Avey Tare departs from Animal Collective sound

Chris Letso

After Animal Collective flirted with mainstream success upon the release of 2009’s “Merriweather Post Pavilion,” it was easy to imagine the band members settling into the comfortable zone of complacency that is so often inhabited by indie bands that achieve a sizeable audience. 

Luckily, Avey Tare (a.k.a. David Portner), Animal Collective’s primary singer and songwriter, is not that type of artist. Instead, on his first official solo album, “Down There,” Portner has created a dark, mucky and completely unique collection of songs. It’s the type of music that’s best heard in pitch-black surroundings on headphones, as it does not just add flourishes to your present environment, but creates its own. 

Each track on “Down There” possesses a completely different atmosphere from the one before it, which not only makes for an engaging and surprising first listen, but is also a good indicator of its future replay value. No sound or instrumental texture is repeated once from song to song, save for some of the warbling effects on the interspersed samples of dialogue. At the start of the album, “Laughing Hieroglyphic” is driven by an accordion-like sound, followed by the Steve Reich-esque pulses of “3 Umbrellas” and the deep, bassy, dubstep-influenced “Oliver Twist.” The pattern continues from there; electronic sounds and drifting samples full of reverb play a part in quite a few tracks, but each of the nine tracks offers something totally diverse. 

In recent interviews, Portner has shed some light on the gloomy tone of the album being heavily influenced by the difficult events of his personal life from the past couple of years, including a family illness and the split from his wife, Kría Brekkan, formerly of the Icelandic band múm. 

The adjective “swamp-like” has been thrown around to describe this album in seemingly every bit of press, and for good reason. Layers of music are submerged beneath others as new ones pop up, while the vocals are manipulated and processed to the extreme for much of the record. More than that, though, the swamp is used as a metaphor for an emotional and psychological hell. Portner ruminates on his mistakes, his love becoming a mere memory and dealing with mortality and loss. He does this, of course, in the usual Avey Tare fashion — through lyrics that are indirect and abstract but drenched with feeling.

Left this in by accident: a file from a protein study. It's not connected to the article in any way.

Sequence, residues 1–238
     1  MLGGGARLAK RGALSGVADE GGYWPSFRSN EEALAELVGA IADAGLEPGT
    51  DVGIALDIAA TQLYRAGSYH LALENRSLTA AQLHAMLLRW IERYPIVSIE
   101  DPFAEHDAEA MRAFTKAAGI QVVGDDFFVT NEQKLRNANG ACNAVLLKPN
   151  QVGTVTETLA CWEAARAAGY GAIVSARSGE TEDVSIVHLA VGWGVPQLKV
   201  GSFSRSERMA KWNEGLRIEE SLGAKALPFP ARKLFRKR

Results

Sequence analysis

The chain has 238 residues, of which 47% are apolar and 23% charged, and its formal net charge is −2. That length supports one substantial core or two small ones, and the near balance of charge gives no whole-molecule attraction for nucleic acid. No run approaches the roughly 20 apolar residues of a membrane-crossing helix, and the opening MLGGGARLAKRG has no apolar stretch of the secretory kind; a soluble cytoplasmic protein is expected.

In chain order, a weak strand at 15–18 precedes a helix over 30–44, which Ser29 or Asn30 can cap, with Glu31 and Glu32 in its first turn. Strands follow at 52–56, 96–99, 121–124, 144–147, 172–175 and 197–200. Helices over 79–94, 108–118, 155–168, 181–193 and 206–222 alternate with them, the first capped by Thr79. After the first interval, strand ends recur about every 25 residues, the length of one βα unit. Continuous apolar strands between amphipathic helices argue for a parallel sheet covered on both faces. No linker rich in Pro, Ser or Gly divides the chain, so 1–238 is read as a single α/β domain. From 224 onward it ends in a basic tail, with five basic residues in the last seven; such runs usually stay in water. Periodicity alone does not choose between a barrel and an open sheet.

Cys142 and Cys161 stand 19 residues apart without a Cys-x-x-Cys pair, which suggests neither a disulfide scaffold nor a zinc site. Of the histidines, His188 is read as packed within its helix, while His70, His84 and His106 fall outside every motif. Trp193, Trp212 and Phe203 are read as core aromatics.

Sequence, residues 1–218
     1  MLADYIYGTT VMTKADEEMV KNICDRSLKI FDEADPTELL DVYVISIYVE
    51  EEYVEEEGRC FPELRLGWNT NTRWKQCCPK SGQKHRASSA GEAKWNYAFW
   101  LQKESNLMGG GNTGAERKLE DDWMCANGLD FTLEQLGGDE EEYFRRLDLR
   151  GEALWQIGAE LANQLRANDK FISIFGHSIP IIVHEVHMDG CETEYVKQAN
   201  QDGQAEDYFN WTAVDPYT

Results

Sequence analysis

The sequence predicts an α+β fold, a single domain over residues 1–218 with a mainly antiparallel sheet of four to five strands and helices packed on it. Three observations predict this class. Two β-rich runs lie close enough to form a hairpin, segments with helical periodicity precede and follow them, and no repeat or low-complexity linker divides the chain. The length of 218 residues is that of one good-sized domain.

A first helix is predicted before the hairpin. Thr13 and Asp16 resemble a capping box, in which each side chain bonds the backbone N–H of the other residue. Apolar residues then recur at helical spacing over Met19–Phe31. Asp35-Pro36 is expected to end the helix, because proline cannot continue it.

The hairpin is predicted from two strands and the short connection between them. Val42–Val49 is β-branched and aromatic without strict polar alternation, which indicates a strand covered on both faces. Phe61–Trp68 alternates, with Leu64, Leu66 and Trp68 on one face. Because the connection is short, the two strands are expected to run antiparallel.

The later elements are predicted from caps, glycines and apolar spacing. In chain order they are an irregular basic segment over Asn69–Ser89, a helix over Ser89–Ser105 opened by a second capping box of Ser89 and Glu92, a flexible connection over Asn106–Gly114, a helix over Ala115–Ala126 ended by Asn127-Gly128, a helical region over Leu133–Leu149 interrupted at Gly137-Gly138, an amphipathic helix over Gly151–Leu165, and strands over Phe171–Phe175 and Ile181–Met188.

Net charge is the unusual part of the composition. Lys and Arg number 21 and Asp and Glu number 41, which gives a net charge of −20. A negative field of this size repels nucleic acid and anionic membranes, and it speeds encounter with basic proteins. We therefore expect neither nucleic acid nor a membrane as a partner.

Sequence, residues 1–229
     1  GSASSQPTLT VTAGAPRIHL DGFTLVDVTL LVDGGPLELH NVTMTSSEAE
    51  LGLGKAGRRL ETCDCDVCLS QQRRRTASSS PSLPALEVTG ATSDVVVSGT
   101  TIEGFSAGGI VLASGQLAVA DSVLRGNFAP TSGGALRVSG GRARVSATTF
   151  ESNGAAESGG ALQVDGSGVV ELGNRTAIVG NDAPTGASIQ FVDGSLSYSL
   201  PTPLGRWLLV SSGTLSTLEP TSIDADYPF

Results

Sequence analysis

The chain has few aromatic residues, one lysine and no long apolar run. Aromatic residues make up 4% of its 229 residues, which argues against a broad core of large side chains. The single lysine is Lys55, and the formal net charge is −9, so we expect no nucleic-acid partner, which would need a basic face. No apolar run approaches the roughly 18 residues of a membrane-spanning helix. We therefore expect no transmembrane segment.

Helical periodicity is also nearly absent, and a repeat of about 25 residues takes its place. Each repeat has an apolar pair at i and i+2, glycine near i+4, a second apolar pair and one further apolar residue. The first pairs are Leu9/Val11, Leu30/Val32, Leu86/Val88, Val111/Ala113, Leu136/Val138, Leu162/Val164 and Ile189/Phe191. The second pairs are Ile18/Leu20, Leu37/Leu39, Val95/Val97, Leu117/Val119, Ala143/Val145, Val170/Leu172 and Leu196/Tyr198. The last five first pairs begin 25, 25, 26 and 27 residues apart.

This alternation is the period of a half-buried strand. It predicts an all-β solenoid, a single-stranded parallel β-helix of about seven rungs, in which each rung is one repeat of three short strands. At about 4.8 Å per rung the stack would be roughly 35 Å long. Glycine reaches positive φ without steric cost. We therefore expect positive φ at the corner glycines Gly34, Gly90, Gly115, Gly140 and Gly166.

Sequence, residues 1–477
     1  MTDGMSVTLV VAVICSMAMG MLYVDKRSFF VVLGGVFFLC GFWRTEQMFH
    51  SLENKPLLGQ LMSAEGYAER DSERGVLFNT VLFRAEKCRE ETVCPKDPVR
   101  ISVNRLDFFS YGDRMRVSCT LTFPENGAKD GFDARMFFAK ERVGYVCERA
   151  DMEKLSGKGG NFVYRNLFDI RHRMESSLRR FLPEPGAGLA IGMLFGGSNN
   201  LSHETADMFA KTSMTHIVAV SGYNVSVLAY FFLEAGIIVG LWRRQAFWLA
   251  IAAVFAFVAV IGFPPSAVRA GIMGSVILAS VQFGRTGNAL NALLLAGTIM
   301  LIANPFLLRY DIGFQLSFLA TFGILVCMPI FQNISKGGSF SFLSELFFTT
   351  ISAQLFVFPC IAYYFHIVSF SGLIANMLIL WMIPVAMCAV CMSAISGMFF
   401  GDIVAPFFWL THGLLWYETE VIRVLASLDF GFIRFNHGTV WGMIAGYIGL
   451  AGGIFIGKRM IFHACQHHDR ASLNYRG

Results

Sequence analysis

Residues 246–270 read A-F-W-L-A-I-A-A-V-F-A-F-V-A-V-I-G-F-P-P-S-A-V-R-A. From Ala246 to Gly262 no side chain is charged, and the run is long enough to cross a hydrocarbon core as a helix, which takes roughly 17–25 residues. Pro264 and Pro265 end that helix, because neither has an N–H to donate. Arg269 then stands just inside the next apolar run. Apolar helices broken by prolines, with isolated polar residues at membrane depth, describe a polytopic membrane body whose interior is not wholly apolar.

The unsettling vocal samples sprinkled throughout, presumably taken from old horror films, also lend the album a sort of schizophrenic vibe. In fact, “Down There,” coming out just five days before Halloween, is a seasonally appropriate release; it is often creepy, both sonically as well as lyrically. This album has its share of light, hopeful moments, too, including the warm ode to Portner’s bandmates (“3 Umbrellas”) and what sounds like a celebration of his sister’s possible improvements in health (“Lucky 1”). Not all of the melodies are demented or dark, either, and most importantly, they are all very good. It has always been tough to grasp how Portner comes up with such otherworldly, yet infectious tunes for his Animal Collective songs, which contrast so perfectly with the simplified (but equally satisfying) melodies of fellow band songsmith Panda Bear (a.k.a. Noah Lennox). Here, Portner’s unusual approach works once again to create a highly enjoyable surprise of a solo album.